The becoming of a market - A reflection illustrated by two case studies from Uganda
AbstractThis paper (9,201 words) argues that there is more to the becoming of a market than income-level of the buyer. A market is a fine webbed institutional setting that is worthwhile for economists to study. It argues that there are five characteristics to look at, namely demand, supply, and beyond the neo-classical model the ability to contract, the location (in space and time) to contract, and the purpose why the market was called into being. The interaction of these five characteristics shapes the development paths of markets. The framework is exemplarily applied to a commodity and a public good market, i. e. fish and minibus (“matatu”) services in Uganda, East Africa since the mid-1980ties.
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Bibliographic InfoPaper provided by University Library of Munich, Germany in its series MPRA Paper with number 5559.
Date of creation: Aug 2007
Date of revision: Oct 2007
Institutional Setting; Path Dependency; Market Characteristics; Uganda; Fish Market; Public Transport Market;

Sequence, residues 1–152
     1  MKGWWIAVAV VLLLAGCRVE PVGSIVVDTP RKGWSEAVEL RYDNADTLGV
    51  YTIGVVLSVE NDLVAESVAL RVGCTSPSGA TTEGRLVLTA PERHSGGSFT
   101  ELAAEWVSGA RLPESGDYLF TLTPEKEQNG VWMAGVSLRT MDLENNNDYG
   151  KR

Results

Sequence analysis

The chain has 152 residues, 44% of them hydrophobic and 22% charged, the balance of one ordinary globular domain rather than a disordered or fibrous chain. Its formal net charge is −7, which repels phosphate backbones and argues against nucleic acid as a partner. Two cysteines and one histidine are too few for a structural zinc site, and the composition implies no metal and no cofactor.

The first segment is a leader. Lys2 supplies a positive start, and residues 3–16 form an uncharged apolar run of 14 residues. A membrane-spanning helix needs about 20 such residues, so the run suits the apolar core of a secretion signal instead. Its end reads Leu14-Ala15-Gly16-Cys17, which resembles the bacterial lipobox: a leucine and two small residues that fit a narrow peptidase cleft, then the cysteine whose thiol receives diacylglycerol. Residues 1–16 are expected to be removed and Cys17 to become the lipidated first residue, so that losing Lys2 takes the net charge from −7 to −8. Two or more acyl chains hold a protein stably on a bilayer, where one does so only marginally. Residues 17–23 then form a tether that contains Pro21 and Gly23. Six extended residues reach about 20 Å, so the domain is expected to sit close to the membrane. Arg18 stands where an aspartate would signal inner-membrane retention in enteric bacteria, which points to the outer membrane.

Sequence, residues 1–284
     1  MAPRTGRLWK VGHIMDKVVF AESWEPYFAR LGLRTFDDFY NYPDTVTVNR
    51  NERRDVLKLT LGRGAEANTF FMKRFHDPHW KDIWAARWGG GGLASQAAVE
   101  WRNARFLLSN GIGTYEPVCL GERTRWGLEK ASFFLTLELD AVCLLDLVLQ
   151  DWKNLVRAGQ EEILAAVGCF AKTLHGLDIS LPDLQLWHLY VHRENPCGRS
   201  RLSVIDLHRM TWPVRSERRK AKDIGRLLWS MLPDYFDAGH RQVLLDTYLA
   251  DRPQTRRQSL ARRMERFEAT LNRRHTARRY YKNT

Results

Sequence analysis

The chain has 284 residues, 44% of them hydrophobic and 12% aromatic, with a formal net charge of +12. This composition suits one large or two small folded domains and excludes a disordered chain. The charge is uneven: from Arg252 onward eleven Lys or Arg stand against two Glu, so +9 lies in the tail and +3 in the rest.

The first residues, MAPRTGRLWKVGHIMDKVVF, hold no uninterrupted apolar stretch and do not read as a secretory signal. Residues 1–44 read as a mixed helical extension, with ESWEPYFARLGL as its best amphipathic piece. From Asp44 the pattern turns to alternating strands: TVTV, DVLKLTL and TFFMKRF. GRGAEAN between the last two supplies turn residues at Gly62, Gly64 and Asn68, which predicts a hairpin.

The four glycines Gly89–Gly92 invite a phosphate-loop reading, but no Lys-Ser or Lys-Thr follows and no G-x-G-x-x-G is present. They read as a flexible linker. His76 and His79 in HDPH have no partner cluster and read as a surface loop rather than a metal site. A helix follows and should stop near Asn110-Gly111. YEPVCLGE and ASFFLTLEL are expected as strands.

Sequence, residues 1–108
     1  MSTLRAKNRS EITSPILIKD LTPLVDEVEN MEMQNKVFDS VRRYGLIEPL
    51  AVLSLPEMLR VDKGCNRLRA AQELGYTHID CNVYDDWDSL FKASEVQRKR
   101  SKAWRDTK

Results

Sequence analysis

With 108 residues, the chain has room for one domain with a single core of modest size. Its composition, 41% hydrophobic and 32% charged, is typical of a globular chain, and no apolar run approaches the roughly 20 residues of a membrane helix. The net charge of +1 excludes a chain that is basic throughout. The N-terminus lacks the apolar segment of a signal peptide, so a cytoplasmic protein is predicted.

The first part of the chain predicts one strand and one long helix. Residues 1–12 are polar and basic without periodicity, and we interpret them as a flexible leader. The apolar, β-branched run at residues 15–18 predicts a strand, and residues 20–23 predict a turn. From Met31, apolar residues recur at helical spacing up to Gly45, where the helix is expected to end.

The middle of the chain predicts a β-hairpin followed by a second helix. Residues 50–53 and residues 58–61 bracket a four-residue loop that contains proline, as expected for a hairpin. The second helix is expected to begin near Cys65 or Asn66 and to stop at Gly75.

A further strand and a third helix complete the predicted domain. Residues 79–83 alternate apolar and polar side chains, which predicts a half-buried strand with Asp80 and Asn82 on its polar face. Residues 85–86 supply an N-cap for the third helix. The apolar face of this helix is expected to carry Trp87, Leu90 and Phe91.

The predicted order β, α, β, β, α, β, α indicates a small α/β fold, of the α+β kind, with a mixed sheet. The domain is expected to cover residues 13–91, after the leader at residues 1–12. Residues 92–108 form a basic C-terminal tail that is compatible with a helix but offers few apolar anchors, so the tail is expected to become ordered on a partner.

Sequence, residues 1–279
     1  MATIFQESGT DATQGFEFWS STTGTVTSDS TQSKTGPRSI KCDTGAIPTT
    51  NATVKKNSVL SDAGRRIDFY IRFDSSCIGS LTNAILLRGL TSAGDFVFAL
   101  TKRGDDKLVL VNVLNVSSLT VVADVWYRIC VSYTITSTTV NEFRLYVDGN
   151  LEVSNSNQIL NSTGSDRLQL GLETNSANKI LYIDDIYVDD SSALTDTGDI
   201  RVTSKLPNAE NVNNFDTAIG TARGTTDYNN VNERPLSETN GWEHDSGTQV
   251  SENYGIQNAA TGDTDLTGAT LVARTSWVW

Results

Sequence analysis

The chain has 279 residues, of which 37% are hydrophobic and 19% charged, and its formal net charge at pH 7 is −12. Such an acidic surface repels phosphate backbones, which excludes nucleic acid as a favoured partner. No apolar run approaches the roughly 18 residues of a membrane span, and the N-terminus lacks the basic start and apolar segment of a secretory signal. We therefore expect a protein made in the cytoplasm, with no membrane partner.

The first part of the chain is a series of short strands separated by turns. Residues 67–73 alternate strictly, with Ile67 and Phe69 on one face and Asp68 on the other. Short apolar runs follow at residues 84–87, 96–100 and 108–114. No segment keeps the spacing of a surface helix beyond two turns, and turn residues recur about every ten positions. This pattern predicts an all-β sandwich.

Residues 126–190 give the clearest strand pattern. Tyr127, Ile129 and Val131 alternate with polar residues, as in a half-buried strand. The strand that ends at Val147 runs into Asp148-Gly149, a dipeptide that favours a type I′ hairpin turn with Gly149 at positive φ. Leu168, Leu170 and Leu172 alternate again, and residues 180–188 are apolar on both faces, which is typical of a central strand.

Find related papers by JEL classification:
- O12 - Economic Development, Technological Change, and Growth - - Economic Development - - - Microeconomic Analyses of Economic Development
- L14 - Industrial Organization - - Market Structure, Firm Strategy, and Market Performance - - - Transactional Relationships; Contracts and Reputation
- D02 - Microeconomics - - General - - - Institutions: Design, Formation, and Operations
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- Casella, Alessandra, 1995. "Free Trade and Evolving Standards," CEPR Discussion Papers 1204, C.E.P.R. Discussion Papers.
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